Let's start with the "Statement of Problem" in the anomaly report.
...the service module, upon being jettisoned on a lunar return flight, should have entered the earth's atmosphere, then skipped out into a highly elliptical earth orbit. Thus, the risk of recontact with the command module during entry would have been eliminated. However, on Apollo 8, 10 and 11, the service module did not skip out as expected.
With the spacecraft oriented approximately tail-first* approaching Earth, the service module would separate from the command module, begin firing its -X translation RCS thrusters, briefly fire its roll thrusters to get into a spin-stabilized state, and continue firing the -X thrusters until the RCS propellant was depleted. If the stabilization held, all the delta-v from the thrusters would be applied in the same direction, and the SM would gain ~100 m/s of velocity relative to the command module, enough to give a large separation from the command module and avoid a prompt reentry of the service module.
However, before the thrusters began to fire, the separation of the modules would impart a little bit of pitch and/or yaw to the service module, which would tend to throw the propellant in the tanks on one side of the SM forward, and the propellant on the other side aft.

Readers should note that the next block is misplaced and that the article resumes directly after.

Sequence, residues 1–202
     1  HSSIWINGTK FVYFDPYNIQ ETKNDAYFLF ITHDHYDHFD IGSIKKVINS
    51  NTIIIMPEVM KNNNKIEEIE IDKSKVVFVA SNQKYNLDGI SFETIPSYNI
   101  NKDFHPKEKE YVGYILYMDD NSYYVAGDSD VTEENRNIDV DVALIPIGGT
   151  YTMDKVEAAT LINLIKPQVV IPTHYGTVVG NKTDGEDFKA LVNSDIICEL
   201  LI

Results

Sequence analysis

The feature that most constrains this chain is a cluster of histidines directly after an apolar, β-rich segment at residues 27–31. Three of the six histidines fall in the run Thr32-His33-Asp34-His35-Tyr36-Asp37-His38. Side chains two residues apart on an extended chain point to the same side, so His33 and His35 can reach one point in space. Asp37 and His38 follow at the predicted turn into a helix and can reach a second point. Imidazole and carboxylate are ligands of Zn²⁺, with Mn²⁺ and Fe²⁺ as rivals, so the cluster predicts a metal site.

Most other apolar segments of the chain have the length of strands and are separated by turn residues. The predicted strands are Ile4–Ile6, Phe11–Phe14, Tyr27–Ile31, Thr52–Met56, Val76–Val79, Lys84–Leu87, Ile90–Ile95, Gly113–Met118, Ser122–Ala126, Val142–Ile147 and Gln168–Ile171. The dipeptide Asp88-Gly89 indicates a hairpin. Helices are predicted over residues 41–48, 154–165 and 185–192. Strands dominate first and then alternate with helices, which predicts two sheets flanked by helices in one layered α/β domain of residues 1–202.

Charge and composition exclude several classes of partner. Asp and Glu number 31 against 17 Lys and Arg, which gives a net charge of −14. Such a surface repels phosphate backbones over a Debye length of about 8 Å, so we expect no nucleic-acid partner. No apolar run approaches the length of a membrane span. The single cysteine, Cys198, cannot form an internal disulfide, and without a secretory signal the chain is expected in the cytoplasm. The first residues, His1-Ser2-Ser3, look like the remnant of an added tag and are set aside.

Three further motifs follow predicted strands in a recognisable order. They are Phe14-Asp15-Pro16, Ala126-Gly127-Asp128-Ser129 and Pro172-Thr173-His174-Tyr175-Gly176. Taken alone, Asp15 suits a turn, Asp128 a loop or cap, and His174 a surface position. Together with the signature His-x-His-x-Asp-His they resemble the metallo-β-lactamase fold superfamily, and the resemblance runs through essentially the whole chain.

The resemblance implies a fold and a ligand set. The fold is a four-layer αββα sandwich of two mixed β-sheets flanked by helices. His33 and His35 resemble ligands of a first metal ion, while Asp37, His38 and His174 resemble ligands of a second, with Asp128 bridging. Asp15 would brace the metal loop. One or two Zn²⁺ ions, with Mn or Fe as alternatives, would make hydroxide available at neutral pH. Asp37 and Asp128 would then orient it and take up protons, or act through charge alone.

Because of the imbalance in the propellant masses, the roll thrusters would impart a wobbling, precessing spin rather than a stable spin, the fuel would continue to slosh back and forth, the spin would go chaotic, and the service module would tumble in all directions as the -X thrusters continued to fire, which could conceivably bring it back to the CM.
The solution was remarkably crude. Simulations of different scenarios showed that, with the right initial roll rate, the longitudinal axis remained pointed in the right general direction for around 25 seconds before it really began to diverge, so they reduced the roll burn time to get the proper roll rate and simply commanded the -X thrusters to burn for only 25 seconds instead of burning to propellant depletion. The service module would still tumble due to the sloshing, but without the thrusters firing, it wouldn't accelerate back toward the command module. The shorter separation burn would not be enough to prevent prompt reentry of the service module, but apparently that wasn't a necessary feature of the operation.
I think the article greatly overstates the seriousness of the anomaly, by the way; it didn't "nearly kill" the crew of Apollo 11. The service module would be moving away from the command module for around a minute, then essentially its velocity would be on a "random walk" for around 15 minutes, until atmospheric forces started to dominate the trajectories of the two modules. A recontact would be possible, but not very likely. Obviously, it was important to understand the problem and minimize it, hence the anomaly report, but probably a hundred other factors could have killed an Apollo crew just as easily. (Is that reassuring?)
* I'm guessing at the attitude here; pointing tail-first and firing -X would maximize the SM's orbital velocity and thus the "skip-out" aspect.